Role of prophylactic hemoclip placement in prevention of delayed post-polypectomy bleeding for large colon polyps: a meta-analysis of randomized controlled trials
Gangwani MK, Ahuja P, Aziz A, Rani A, Lee-Smith W, Aziz M
Annals of gastroenterology. 2021;34(3):392-398
BACKGROUND Polypectomy is a widely used and effective procedure to treat precancerous polyps. Delayed post-polypectomy bleeding (DPPB), a common complication of polypectomy, may diminish the utility of this procedure. Previous data on the efficacy of hemoclips has been conflicting, therefore we aimed to collectively evaluate and analyze the data to reach a definitive conclusion on the efficacy of using hemoclips to prevent incidences of DPPB in patients with large polyps (≥10 mm). METHODS We identified a total of 261 studies based on our previously defined search strategy. After screening, we included 6 randomized controlled trials. A meta-analysis was performed comparing the use of prophylactic application of hemoclips to a standard group without prophylactic clip placement for large polyps. RESULTS We found a statistically significant reduction in the incidence of DPPB when using hemoclips for large polyps. The overall incidence of DPPB was lower in the hemoclip group compared to the standard group for all large polyps ≥10 mm (relative risk 0.51, 95% confidence interval 0.35-0.75; P=0.01; I (2)=0%). CONCLUSIONS The use of hemoclips in achieving hemostasis for large polyps has a beneficial effect and appears to prevent DPPB. This reinforces the routine clinical practice of using hemoclips in polypectomy procedures.
Treatment of Fanconi Anemia-Associated Head and Neck Cancer: Opportunities to Improve Outcomes
Lee RH, Kang H, Yom SS, Smogorzewska A, Johnson DE, Grandis JR
Clinical cancer research : an official journal of the American Association for Cancer Research. 2021
Fanconi anemia, the most frequent genetic cause of bone marrow failure, is characterized by an extreme predilection towards multiple malignancies, including a greater than 500-fold incidence of head and neck squamous cell carcinoma (HNSCC) relative to the general population. Fanconi anemia-associated HNSCC and esophageal SCC (FA-HNSCC) often present at advanced stages with poor survival. Surgical resection remains the primary treatment for FA-HNSCC, and there is often great reluctance to administer systemic agents and/or radiation therapy (RT) to these patients given their susceptibility to DNA damage. The paucity of FA-HNSCC case reports limits evidence-based management, and such cases have not been analyzed collectively in detail. We present a systematic review of FA-HNSCC treatments reported from 1966 to 2020, defining a cohort of 119 FA-HNSCC patients including 16 esophageal SCCs (131 total primary tumors), who were treated with surgery, RT, systemic therapy (including cytotoxic agents, EGFR inhibitors, or immune checkpoint inhibitors), or a combination of modalities. We summarize the clinical responses and regimen-associated toxicities by treatment modality. The collective evidence suggests that when possible, surgical resection with curative intent should remain the primary treatment modality for FA-HNSCC. Radiation can be administered with acceptable toxicity in the majority of cases, including patients who have undergone stem cell transplantation (SCT). While there is little justification for cytotoxic chemotherapy, EGFR inhibitors and tyrosine kinase inhibitors (TKIs) may be both safe and effective. Immunotherapy may also be considered. Most oncologists have little personal experience with FA-HNSCC. This review is intended as a comprehensive resource for clinicians.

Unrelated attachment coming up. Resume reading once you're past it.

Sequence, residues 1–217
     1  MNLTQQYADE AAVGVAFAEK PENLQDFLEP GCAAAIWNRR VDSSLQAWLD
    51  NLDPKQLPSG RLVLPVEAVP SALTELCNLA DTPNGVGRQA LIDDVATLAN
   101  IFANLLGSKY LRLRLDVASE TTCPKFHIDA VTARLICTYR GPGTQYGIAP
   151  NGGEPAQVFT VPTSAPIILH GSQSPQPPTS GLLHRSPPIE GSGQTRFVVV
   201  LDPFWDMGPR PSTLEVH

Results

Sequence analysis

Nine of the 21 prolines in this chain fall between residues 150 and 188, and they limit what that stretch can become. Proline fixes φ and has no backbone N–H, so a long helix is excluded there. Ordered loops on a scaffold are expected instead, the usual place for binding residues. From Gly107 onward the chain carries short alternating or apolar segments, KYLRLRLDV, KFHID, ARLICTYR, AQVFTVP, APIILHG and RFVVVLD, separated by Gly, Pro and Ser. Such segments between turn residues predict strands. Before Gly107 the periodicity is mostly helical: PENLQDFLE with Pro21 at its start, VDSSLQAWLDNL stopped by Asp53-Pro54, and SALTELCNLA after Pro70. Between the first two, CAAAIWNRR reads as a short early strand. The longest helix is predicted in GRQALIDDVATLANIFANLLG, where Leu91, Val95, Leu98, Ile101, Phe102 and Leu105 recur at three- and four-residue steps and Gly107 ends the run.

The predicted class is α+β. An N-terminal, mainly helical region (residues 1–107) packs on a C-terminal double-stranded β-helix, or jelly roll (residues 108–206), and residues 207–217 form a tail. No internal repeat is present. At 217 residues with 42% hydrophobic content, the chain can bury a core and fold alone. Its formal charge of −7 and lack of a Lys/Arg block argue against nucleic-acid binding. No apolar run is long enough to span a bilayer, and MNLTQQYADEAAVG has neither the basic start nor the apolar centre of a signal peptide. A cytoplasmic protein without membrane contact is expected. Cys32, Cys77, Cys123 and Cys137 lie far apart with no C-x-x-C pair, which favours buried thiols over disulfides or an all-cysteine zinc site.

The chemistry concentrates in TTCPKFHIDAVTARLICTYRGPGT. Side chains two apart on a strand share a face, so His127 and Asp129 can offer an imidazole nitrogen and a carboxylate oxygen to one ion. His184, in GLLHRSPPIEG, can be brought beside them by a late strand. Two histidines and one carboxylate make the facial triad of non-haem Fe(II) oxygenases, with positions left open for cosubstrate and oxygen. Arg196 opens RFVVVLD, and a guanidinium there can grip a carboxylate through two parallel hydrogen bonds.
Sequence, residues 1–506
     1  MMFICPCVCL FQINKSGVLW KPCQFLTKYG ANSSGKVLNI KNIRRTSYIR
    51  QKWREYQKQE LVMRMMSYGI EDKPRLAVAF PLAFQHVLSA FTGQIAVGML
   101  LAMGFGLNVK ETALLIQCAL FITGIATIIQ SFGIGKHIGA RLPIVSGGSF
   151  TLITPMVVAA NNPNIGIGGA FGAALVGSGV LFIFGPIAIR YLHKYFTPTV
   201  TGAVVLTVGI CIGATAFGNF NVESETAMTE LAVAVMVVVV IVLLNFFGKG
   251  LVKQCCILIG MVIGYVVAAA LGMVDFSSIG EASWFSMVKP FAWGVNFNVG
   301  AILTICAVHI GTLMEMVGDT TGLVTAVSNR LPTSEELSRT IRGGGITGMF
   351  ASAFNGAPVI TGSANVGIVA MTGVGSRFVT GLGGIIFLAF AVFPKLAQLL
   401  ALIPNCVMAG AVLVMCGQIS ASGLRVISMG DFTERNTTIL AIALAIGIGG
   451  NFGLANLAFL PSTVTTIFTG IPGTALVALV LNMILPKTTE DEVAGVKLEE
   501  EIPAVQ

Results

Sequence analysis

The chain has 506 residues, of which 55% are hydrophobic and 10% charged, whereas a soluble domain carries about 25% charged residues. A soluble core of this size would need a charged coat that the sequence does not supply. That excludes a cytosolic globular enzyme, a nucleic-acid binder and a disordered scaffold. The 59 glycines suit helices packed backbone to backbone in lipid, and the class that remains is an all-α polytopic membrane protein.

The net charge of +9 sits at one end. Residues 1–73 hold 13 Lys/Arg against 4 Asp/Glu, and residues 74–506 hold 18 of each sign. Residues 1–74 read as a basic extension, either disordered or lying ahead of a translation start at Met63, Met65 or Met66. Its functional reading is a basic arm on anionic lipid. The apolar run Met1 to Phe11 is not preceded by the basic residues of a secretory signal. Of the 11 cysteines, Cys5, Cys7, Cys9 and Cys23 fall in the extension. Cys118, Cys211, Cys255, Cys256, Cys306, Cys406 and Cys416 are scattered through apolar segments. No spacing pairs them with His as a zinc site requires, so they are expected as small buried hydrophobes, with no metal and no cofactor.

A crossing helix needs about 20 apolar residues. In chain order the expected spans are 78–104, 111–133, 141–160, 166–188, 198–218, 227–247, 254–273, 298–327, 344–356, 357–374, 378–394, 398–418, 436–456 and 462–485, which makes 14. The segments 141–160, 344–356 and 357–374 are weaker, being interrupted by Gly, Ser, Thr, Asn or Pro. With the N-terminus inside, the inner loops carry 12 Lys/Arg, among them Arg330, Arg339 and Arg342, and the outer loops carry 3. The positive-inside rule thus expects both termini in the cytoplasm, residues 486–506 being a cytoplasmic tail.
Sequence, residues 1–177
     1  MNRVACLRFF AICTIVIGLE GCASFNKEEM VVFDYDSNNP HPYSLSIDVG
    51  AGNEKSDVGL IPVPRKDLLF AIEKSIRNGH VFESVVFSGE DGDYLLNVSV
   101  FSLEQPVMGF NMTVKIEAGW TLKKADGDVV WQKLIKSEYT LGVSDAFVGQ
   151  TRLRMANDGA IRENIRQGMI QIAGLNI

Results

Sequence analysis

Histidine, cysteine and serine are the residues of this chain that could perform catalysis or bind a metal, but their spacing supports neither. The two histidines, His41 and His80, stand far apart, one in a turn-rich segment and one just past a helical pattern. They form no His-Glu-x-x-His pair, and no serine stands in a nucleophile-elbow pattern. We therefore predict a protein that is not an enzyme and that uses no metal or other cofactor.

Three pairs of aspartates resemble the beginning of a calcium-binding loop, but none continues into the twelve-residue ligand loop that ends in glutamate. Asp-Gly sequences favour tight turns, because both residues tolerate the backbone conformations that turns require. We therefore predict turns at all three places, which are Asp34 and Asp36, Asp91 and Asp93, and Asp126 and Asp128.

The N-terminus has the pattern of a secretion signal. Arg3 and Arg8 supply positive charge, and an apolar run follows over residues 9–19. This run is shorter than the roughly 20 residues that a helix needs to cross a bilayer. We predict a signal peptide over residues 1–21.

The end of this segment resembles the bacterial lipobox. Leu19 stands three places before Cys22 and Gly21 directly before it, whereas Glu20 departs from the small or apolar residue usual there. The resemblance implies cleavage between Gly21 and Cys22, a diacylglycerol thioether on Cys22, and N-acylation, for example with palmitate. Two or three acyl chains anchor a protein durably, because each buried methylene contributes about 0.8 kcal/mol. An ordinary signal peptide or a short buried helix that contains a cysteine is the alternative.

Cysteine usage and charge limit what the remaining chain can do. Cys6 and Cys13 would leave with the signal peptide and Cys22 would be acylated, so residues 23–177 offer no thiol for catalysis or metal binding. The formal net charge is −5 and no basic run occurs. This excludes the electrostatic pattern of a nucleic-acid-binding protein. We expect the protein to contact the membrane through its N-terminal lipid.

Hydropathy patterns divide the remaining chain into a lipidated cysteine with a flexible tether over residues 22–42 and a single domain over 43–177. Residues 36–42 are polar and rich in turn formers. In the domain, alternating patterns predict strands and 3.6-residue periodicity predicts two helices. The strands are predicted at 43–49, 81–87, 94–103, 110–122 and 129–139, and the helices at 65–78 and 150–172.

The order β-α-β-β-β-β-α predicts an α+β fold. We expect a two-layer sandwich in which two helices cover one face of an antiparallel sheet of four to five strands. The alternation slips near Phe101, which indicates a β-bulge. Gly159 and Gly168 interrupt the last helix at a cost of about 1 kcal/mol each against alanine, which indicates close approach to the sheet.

The Effects of Hyperbaric Oxygen Therapy on Pelvic Radiation Induced Gastrointestinal Complications (Rectal Bleeding, Diarrhea, and Pain): A Meta-Analysis
Yuan JH, Song LM, Liu Y, Li MW, Lin Q, Wang R, Zhang CS, Dong J
Front Oncol. 2020;10:390